The situation is worsened by the fact that issues of freedom of expression are horrendously manifest and rampant in Pakistan-administered Kashmir, where dissent is cruelly punished by state and non-state actors. A far more barbaric picture is illustrated by the Indian authorities in Indian-occupied Kashmir, where crimes against humanity are committed on a daily basis. Many student leaders and “militants” have been murdered and annihilated by despotic Indian authorities, prominent examples being the assassination of Maqbool Bhat, who was booked for sedition charges as well and Burhan Wani. Countless such examples of student activists being tortured, extra-judicially killed and unlawfully detained exist in the valley of Kashmir on both sides.

Institutional intolerance has a trickle-down effect in the society and in the daily conduct and public dealings of individuals leading to issues such as racial, ethnic, religious and gender oriented intolerance. Most importantly, remaining silent about issues does not fix them magically nor does brushing things under the rug and turning a blind eye towards them serve as solution. As much as this is true and pertinent for socioeconomic issues, it is equally applicable to civil and political issues. Dissent on state policies is a necessary pre-requisite for effective and progressive governance of the state.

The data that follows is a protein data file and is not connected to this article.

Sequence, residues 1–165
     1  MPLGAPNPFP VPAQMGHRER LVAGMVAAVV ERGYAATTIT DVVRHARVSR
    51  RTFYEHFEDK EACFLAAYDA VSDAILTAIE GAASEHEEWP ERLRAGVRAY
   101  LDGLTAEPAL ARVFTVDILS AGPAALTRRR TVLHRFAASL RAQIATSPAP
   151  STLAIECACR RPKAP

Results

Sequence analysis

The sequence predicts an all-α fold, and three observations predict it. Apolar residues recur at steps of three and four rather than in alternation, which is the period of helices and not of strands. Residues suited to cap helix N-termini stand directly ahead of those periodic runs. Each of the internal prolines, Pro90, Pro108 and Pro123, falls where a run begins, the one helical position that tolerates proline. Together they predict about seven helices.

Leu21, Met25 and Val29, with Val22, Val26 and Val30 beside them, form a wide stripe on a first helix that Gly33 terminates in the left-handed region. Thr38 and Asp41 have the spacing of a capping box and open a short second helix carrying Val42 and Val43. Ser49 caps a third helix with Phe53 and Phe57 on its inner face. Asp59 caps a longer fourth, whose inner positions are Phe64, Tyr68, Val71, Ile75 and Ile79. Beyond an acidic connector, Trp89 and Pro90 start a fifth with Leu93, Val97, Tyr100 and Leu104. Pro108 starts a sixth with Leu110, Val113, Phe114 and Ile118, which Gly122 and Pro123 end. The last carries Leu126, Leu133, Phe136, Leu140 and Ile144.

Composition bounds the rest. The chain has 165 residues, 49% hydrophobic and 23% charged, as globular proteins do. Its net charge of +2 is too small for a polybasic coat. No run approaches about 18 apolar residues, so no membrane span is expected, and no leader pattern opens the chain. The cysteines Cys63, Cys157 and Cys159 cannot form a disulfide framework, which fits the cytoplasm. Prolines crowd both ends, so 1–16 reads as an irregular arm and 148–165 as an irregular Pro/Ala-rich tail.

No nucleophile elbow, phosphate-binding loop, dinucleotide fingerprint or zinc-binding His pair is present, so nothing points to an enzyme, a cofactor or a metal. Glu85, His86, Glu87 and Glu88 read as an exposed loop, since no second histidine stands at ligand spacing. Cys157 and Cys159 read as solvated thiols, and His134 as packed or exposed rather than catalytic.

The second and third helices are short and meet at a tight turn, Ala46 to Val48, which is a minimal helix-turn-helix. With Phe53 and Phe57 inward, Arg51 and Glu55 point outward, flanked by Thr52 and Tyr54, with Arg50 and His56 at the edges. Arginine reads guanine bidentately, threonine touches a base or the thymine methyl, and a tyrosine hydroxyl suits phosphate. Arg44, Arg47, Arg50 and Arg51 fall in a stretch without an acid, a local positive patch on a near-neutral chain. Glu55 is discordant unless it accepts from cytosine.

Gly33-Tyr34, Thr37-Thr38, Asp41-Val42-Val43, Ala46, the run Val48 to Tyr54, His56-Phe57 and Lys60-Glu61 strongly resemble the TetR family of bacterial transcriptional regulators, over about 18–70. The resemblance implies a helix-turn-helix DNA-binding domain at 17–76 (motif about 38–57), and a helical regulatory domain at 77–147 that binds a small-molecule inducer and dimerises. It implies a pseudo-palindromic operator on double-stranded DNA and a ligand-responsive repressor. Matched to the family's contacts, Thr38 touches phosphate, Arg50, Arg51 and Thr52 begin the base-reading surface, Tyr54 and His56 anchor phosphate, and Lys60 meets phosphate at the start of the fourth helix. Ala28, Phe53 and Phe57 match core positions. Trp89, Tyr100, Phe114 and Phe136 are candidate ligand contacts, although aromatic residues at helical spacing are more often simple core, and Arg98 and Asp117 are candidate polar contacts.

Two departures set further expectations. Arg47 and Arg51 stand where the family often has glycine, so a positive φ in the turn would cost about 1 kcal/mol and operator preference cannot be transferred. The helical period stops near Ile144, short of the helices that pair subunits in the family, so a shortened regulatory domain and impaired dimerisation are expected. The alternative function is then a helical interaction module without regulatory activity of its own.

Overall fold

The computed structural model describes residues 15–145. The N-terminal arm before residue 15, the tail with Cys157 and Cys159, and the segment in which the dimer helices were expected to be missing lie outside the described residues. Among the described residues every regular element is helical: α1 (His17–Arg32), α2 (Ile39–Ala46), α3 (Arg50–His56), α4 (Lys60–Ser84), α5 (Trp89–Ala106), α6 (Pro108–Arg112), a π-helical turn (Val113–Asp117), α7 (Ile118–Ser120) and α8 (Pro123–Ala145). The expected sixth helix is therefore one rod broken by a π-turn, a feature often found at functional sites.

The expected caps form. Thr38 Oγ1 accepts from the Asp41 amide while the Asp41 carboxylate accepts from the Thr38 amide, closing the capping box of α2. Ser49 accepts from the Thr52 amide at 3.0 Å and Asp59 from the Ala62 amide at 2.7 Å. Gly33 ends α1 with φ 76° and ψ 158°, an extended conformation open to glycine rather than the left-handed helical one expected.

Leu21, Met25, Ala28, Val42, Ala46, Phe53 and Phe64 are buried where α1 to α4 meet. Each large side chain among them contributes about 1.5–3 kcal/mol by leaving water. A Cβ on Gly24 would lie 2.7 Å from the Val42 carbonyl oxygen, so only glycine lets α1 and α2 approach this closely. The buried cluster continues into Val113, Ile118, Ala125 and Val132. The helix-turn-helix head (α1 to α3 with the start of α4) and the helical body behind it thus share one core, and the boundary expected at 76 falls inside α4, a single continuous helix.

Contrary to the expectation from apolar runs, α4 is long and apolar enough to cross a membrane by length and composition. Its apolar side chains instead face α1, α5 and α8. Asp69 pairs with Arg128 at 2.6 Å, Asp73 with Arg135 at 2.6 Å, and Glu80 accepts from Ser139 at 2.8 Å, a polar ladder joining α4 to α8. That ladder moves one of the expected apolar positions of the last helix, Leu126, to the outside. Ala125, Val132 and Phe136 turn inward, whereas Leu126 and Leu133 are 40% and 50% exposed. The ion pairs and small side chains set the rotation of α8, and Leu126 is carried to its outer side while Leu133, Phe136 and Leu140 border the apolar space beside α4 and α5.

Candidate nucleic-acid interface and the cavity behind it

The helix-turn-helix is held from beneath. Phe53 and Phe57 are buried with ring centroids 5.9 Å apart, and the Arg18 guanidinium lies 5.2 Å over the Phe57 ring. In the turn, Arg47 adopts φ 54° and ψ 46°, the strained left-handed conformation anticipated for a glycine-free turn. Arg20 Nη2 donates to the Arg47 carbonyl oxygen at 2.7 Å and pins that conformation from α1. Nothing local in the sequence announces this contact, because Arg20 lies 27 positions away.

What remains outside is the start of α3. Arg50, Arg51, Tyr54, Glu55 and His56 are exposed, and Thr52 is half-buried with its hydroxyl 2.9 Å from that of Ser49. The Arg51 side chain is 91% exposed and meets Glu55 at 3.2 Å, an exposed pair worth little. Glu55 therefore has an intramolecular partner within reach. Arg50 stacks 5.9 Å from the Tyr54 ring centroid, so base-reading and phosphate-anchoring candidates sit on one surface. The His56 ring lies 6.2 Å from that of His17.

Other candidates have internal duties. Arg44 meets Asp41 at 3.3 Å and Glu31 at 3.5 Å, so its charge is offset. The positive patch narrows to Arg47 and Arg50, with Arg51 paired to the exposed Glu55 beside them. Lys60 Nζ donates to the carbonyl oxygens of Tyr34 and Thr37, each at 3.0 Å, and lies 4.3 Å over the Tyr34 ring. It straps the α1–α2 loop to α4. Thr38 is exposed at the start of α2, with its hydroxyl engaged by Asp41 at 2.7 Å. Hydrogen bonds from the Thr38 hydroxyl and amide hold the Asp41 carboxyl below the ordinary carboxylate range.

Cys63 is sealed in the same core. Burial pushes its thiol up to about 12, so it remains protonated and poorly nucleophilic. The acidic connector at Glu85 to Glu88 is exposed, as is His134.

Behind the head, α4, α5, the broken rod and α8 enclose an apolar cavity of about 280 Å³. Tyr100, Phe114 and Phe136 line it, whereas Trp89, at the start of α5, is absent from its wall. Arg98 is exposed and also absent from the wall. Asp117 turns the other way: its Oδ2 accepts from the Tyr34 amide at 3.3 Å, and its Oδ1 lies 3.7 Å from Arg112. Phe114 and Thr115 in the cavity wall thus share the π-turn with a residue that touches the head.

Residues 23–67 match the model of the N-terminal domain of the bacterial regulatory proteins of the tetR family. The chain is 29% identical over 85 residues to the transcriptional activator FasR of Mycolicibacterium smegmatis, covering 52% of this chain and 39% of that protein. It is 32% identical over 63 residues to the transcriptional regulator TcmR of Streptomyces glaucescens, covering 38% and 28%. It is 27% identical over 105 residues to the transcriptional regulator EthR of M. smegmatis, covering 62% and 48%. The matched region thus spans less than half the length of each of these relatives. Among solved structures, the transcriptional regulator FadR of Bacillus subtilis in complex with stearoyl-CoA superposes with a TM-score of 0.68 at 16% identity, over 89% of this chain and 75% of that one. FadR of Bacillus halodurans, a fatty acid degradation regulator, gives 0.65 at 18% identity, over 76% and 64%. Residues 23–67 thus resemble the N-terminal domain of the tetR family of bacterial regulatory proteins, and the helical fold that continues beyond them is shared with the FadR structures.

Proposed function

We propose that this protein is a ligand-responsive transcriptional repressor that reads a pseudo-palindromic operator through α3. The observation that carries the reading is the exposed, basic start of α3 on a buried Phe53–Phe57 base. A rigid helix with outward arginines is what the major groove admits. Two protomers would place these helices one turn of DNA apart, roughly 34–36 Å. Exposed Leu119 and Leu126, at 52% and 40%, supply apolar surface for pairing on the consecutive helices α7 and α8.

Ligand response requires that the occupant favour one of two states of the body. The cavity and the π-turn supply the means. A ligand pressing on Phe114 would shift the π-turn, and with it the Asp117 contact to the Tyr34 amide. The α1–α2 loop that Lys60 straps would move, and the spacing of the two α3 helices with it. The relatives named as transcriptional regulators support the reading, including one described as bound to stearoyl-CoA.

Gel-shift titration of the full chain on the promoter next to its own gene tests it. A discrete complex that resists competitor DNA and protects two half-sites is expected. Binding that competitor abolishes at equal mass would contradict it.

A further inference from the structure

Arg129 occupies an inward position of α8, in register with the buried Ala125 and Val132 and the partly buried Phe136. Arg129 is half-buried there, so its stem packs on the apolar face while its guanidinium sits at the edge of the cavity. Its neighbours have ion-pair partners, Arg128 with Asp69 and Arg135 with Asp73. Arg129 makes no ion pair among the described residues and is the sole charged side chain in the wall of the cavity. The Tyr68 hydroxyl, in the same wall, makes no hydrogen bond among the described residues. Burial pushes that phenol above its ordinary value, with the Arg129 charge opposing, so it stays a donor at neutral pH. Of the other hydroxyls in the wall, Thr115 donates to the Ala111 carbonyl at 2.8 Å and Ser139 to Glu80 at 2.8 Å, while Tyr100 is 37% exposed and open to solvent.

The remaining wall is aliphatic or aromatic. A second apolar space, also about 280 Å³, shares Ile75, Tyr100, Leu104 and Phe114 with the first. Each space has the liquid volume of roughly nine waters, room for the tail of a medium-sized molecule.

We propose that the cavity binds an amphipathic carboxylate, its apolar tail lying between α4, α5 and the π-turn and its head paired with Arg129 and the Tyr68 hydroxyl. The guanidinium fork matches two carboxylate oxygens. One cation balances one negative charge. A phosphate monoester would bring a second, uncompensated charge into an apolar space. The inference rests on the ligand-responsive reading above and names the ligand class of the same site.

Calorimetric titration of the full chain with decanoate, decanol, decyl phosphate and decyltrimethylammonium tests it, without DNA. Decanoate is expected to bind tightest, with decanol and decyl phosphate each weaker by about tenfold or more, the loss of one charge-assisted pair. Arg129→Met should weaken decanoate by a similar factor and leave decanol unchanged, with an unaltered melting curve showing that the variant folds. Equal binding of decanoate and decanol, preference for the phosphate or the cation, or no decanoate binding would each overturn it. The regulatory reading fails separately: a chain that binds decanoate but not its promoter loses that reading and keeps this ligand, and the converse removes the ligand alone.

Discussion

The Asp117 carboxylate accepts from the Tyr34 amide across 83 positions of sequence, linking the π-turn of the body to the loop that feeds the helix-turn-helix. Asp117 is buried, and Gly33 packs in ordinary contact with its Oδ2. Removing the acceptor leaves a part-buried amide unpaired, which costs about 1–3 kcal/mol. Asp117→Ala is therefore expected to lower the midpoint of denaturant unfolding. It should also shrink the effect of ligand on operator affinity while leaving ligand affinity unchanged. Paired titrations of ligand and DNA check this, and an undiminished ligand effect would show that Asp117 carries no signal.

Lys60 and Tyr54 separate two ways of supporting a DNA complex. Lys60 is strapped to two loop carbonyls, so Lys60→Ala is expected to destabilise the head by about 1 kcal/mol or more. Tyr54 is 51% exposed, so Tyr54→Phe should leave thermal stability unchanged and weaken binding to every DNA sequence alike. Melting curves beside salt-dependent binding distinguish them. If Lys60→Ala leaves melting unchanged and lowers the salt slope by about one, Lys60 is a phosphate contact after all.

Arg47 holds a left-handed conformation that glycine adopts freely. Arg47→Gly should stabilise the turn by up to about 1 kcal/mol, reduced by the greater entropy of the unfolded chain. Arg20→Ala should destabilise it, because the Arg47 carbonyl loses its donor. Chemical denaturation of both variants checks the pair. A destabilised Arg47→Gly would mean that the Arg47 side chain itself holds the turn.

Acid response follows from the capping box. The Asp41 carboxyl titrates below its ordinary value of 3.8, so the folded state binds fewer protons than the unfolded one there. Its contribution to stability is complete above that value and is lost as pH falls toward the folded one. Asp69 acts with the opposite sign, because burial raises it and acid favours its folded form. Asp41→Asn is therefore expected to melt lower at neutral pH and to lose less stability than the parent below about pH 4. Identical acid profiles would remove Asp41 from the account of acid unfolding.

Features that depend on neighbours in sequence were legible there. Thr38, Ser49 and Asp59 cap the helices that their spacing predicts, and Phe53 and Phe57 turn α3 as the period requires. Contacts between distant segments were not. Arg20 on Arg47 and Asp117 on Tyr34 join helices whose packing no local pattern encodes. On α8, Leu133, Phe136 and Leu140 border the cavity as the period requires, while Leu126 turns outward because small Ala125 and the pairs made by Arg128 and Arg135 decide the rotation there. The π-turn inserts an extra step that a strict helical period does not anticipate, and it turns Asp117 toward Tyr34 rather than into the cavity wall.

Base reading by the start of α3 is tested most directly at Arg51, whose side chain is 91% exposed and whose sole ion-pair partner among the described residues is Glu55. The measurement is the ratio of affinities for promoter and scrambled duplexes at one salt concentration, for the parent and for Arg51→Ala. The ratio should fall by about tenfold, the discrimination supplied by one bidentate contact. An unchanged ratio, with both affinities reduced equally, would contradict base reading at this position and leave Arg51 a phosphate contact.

By charging students and academics with terrorism offences and sedition, the state is creating an environment of intolerance and hostility. Differing opinions is seen as a crime against the state. In a country which is already tragically divided along religious, ethnic other socio-political lines, such a regressive atmosphere will only give birth to further problems, the most glaring one being denying their fundamental freedoms as nobody will be willing to partake rights’ emancipation. The state must be restrained from expounding upon the historic “divide and rule policy” to rule its subjects. The foremost solution to this is to allow individuals with variant opinions to express them and to entitle individuals to exercise their right to freedom of expression. If unity and rights emancipation are crimes against the state, then such crimes should be legalised as they go to the baser essence of humanity and social and intellectual progression. By harrowingly violating and denying individuals their fundamental rights, the state, by its repressive regimes, is potentially pushing the nation towards anarchy and civil disobedience, a devastating but necessary alternative. Laws violative of the right of freedom of expression – such as the law of sedition – must be instantly repealed and reformed for a more humane and tolerant nation and society.